Note to our followers: Our nearly 13-year run of daily publication of new content on came to a close at the end of 2018. Publisher Gary Schwitzer and other contributors may post new articles periodically. But all of the 6,000+ articles we have published contain lessons to help you improve your critical thinking about health care interventions. And those will be still be alive on the site for a couple of years.

Networks' Pro-Screening Ethusiasm

Stories about Elizabeth Edwards’ breast cancer and Tony Snow’s colon cancer have led some news organizations to offer recommendations about cancer screening. Unfortunately, some of the recommendations are simply not based on evidence. On the NBC Today show on March 28, Matt Lauer said the Edwards and Snow cases put “a huge spotlight on the […]


The Limitations of Drug Testing in Animals

A Wall Street Journal story today looks at an important question in science, in policy-making, and in journalism: “What do the results of animal studies really tell us about humans? That question still puzzles researchers even though guinea pigs, lab rats and their brethren have long been part of experiments.” Two examples from the story: […]


Whatever happened to the miracle obesity pill?

Earlier this week, I pointed out how – on one day – the Wall Street Journal appeared to favor positive drug news out of the American College of Cardiology meeting more than negative drug news. But day in and day out, the WSJ is one of the few news organizations to put negative drug news […]


Important omissions in heart & cancer stories

Very preliminary findings from stem cell research got a lot of news coverage this week. Probably because there were local researchers involved, the Star Tribune put the story on the front page of Monday’s paper. They reported: An experimental treatment using adult stem cells was able to limit heart damage and improve the quality of […]

2 3/26/2007

Negative drug news doesn't get the same play as positive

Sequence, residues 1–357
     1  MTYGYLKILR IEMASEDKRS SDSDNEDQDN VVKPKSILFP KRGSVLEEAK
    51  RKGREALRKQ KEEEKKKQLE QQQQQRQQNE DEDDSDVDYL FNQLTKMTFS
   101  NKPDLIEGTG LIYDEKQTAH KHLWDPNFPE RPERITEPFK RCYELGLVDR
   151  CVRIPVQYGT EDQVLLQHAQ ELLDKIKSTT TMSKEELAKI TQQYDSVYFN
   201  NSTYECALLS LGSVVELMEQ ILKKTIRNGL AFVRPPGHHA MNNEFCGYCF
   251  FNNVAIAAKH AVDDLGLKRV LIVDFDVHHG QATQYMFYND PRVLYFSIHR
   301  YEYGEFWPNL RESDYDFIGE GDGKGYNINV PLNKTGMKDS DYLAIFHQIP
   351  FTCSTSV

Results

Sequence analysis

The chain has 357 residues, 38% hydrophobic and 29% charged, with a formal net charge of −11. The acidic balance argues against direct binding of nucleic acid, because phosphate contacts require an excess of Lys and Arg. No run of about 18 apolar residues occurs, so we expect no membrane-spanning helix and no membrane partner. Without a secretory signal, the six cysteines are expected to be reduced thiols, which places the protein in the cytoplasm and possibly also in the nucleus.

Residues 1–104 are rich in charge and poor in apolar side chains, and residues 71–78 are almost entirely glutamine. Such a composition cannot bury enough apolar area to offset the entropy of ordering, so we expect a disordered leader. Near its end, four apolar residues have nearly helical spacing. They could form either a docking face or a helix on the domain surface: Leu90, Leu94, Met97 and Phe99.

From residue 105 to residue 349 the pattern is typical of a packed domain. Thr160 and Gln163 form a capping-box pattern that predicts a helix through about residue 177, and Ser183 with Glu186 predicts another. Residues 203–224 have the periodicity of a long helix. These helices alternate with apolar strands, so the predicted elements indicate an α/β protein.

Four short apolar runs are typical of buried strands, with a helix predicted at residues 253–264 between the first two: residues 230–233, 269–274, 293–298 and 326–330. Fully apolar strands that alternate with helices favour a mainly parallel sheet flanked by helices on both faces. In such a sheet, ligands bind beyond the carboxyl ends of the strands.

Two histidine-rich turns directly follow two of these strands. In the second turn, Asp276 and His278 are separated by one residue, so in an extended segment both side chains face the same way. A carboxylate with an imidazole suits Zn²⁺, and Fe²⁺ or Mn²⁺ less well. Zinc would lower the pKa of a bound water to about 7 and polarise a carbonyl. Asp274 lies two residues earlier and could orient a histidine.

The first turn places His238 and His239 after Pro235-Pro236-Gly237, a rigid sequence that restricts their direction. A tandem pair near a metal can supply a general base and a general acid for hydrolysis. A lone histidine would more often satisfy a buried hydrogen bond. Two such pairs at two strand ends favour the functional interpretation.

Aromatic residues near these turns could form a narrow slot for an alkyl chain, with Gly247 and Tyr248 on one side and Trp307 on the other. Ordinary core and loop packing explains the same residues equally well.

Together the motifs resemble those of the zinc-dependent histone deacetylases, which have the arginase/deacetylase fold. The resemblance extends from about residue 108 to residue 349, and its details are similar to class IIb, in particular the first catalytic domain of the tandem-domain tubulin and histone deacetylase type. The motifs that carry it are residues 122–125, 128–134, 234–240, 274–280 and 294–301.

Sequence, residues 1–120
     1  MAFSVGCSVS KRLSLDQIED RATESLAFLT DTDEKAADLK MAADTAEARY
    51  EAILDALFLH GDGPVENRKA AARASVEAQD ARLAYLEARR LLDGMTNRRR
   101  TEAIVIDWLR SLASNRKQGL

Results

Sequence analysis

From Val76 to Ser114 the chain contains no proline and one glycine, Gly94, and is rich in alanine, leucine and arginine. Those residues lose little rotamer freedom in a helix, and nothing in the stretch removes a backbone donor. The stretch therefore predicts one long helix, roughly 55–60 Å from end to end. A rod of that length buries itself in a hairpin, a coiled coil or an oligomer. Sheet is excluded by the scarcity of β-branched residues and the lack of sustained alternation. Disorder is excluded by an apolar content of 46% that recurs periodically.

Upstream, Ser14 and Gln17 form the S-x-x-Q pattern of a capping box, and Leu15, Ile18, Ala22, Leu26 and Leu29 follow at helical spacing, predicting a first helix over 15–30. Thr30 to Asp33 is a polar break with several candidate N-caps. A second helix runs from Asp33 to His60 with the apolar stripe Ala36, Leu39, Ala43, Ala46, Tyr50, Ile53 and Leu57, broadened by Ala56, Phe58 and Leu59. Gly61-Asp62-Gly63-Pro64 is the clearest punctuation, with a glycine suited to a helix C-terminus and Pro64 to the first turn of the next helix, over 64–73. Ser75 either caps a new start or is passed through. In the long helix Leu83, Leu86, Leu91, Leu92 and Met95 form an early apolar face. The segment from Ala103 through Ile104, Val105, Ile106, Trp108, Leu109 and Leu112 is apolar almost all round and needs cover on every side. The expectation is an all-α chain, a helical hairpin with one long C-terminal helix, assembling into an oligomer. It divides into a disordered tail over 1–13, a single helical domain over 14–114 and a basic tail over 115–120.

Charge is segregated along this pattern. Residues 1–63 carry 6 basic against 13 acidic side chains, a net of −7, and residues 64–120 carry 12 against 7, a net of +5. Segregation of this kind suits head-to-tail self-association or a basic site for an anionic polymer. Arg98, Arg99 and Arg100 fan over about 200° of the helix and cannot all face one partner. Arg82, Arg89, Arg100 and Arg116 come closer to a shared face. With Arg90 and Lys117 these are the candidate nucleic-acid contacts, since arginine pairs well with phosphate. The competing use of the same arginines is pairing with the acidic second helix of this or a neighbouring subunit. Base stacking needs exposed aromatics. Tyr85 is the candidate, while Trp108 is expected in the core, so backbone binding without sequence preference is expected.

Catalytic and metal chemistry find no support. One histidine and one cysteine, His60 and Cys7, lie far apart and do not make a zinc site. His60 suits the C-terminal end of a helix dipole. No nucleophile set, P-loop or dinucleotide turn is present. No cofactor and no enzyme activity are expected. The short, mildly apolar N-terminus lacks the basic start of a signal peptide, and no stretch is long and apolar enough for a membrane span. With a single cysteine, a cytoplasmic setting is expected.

You’re seeing lots of cardiovascular news this week because the annual meeting of the American College of Cardiology is going on in New Orleans. I applaud the health news coverage of the Wall Street Journal, but even their coverage shows a bias toward the positive and against negative findings. In today’s WSJ, the front page […]


Lots of drug-related conflict of interest news this week

Gardiner Harris of the New York Times is all over issues about drug company influence on doctors and on the FDA this week. Today he writes: Expert advisers to the government who receive money from a drug or device maker would be barred for the first time from voting on whether to approve that company’s […]


Premature talk of a cure

Many serious health journalists struggle with how to handle research stories in animals. Last night, KSTP-TV in MInneapolis-St. Paul presented a story that showed little attempt to put mouse research findings into a meaningful context. It was on Rett Syndrome, which KSTP reported was “a disorder similar to autism.” They said, “Doctors, who are testing […]


TVWeek profile of

The magazine TV Week this week profiles my efforts with the website. On Friday, I’ll present data at the Association of Health Care Journalists annual conference in Los Angeles on our findings from the reviews of the first 300 stories in our first 11 months of experience with the site. It’s not a pretty […]


Troubling TV Health News Trends

In the February issue of Columbia Journalism Review (CJR), Trudy Lieberman writes about TV news stations accepting pre-packaged new stories created by health care behemoths such as the Cleveland Clinic or the Mayo Clinic, creating stories that are “a hybrid of news and marketing, the likes of which has spread to local TV newsrooms all […]


Medicare Advantage sign-up dirty tricks

On the listserv of the Association of Health Care Journalists, a journalist raises an important issue that we don’t hear enough about. That journalist wrote: “May I suggest that while Washington is obsessing about Walter Reed, the rest of us should be paying attention to what’s happening in our back yards in the run-up to […]


Tips & Resources for Analyzing Health Care Claims

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